13 September 2013


'Clinicians and their cameras: policy, ethics and practice in an Australian tertiary hospital' by Kara Burns and Suzanne Belton in (2013) 37(4) Australian Health Review 437 comments
Medical photography illustrates what people would prefer to keep private, is practiced when people are vulnerable, and has the power to freeze a moment in time. Given it is a sensitive area of health, lawful and ethical practice is paramount. This paper recognises and seeks to clarify the possibility of widespread clinician-taken medical photography in a tertiary hospital in Australia, examining the legal and ethical implications of this practice. A framework of law, state Department of Health policy and human rights theory were used to argue the thesis.
Clinicians from 13 purposively chosen wards were asked to participate in an anonymous survey and confidential in-depth interviews. Questions were generated from the literature and local knowledge on the topics of ‘occurrence’, ‘image use’, ‘quality of consent’, ‘cameras and technology’, ‘confidentiality’, ‘data storage and security’, ‘hospital policy and law’ and ‘cultural issues’. One hundred and seventy surveys and eight interviews were analysed using descriptive statistics and theme and content analysis, then triangulated for similarity, difference and unique responses.
Forty-eight percent of clinicians surveyed take medical photographs, with the majority using hospital-owned cameras. However, one-fifth of clinicians reported photographing with personal mobile phones. Non-compliance with written consent requirements articulated in policy was endemic, with most clinicians surveyed obtaining only verbal consent. Labelling, storage, copyright and cultural issues were generally misunderstood, with a significant number of clinicians risking the security of patient information by storing images on personal devices.
If this tertiary hospital does not develop a clinical photography action plan to address staff lack of knowledge, and non-compliance with policy and mobile phone use, patients’ data is at risk of being distributed into the public domain where unauthorised publication may cause psychological harm and have legal ramifications for the hospital, its patients, and staff.
The authors conclude -
We believe the surveyed site is facing endemic policy non-compliance in the area of consent for clinical photography. If this hospital ignores staffs’ lack of policy compliance and mobile phone use, patients’ personal information is at risk of being irreversibly distributed into the public domain. Such unauthorised publication may cause psychological harm to the patient and have legal ramifications for the hospital and its staff. The current lack of compliance for consent, capture, storage and disposal of images, in conjunction with misconceptions regarding copyright, puts patients’ personal information at risk with a high potential for harm given that the security and distribution of electronic information is only as good as the least dependable individual. Today’s media no longer considers medical information private, and anyone with access to an internet-capable device can become a publisher. The great risk of leaving images on a mobile phone is that if the information is lost or transmitted to an unauthorised source, the images could be published across the world in seconds.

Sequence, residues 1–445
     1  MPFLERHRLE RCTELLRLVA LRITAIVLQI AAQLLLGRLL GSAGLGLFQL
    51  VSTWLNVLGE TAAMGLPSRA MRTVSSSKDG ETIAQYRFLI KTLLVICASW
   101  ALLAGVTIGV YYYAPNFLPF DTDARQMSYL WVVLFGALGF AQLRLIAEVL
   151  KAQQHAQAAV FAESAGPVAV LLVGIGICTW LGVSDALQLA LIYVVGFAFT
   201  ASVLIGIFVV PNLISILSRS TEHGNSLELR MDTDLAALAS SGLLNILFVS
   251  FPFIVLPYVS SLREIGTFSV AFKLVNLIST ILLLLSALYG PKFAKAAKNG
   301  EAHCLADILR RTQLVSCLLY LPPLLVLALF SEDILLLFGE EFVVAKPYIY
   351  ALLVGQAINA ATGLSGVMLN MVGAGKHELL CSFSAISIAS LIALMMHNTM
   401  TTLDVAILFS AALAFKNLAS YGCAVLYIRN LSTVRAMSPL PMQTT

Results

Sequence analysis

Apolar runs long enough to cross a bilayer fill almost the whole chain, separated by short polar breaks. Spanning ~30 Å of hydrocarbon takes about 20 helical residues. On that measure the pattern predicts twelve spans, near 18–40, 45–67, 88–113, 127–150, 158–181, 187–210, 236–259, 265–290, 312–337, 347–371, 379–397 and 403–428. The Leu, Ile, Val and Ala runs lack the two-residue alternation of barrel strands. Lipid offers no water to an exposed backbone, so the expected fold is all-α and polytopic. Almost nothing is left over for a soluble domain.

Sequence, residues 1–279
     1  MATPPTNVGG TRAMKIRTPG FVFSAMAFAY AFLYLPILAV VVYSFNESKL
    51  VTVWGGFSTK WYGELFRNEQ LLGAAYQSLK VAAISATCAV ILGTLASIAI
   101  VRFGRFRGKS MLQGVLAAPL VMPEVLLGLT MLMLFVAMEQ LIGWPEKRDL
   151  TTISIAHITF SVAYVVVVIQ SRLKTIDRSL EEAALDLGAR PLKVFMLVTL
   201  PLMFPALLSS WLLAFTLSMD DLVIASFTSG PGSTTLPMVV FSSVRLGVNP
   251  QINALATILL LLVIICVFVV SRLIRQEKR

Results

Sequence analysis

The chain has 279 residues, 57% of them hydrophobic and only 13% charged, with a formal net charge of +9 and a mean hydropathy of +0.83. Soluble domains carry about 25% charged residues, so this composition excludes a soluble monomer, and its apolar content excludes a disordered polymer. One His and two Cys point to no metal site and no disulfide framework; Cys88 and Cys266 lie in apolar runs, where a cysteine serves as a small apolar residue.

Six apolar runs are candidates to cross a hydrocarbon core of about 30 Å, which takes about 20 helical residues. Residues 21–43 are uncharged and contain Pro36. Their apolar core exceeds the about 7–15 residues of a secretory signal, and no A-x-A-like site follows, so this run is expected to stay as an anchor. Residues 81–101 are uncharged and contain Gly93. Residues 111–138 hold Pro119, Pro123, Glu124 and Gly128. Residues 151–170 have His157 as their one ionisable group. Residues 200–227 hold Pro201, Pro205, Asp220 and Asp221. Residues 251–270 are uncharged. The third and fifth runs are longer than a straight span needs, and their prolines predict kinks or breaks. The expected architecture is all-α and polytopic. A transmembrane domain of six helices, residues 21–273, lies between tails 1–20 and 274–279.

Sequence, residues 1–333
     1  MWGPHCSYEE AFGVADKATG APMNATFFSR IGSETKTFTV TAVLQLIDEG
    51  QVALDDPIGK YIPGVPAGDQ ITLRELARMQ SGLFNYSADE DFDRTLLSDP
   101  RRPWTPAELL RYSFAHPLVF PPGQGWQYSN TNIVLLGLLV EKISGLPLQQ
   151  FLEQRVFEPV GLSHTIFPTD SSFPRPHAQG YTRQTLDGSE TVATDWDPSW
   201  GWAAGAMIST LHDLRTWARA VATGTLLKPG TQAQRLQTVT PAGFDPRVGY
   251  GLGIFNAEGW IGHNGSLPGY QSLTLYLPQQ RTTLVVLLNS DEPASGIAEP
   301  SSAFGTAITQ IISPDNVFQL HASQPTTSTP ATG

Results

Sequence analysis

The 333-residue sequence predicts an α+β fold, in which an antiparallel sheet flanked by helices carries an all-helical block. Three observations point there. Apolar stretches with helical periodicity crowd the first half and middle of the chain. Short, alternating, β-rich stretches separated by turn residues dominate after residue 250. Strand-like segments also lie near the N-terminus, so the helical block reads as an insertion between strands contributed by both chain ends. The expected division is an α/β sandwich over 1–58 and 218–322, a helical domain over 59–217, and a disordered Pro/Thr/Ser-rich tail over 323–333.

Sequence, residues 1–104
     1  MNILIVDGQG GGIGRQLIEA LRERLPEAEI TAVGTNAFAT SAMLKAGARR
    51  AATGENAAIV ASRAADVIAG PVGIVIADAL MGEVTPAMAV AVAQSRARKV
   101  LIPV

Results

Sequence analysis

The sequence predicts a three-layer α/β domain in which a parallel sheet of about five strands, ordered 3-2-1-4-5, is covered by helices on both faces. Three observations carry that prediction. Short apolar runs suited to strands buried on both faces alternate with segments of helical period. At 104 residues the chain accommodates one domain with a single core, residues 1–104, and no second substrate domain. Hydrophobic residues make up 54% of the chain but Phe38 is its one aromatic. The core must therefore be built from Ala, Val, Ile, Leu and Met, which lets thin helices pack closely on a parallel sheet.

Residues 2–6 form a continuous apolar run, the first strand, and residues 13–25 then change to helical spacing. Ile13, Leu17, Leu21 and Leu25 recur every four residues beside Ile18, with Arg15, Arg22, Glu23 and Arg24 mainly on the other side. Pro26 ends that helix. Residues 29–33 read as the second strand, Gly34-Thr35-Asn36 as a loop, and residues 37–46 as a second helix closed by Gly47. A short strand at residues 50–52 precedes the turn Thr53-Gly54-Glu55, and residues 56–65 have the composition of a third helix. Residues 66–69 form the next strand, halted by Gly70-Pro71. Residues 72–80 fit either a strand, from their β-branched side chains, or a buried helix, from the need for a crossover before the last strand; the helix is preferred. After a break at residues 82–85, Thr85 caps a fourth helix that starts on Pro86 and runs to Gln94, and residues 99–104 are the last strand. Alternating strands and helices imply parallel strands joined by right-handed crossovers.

While this research revealed that 47.8% of staff has taken photographs of patients in the last year, this figure is probably an underestimate as the research relied on clinicians self-reporting behaviour that may be non-compliant with current policy. We speculate that this tertiary hospital is probably not different to others around Australia where the dissonance between practice and policy in the collection and management of medical photography is common.
Accordingly they recommend that -
Institutions grappling with balancing the benefits and risks of clinician-taken medical photographs should research the prevalence of the practice within their workplace. Policy makers need to understand the value of medical photography to clinicians, the risks posed by picture taking and internet-capable mobile devices, and acknowledge that digital medical photography is already occurring and its use will only increase as technology develops. A typical policy should address the consent, capture, production, reproduction, management, retention and copyright of the medical images. It should specifically address the capture of images on personal equipment, especially on smart phones and tablet devices, and outline penalties for non-compliant practice. In order effectively to manage images, institutions must have a production pathway recognising that images captured in the clinical setting must be reunited with the patients file. A production pathway may include purchasing digital asset management software to manage a medical image database, adapting current clinical systems to accept digital picture files or simply requiring that all clinical images are printed. Regardless of the chosen strategy, the production pathway should be carefully managed by a single department and monitored though quality-control auditing.
While technology has created the challenge of managing clinician-taken medical images it may also provide the solution. Emerging smart phone apps like PicSafe now incorporate the consent, capture, storage and retention of medical images within a single digital system. We suggest that in the area of digital medical photography, technology will always be a forerunner to legislation and policy development, thus the key to best practice medical photography management is creating a policy that recognises the national goal of a shared electronic health record and is flexible enough to incorporate future technologies.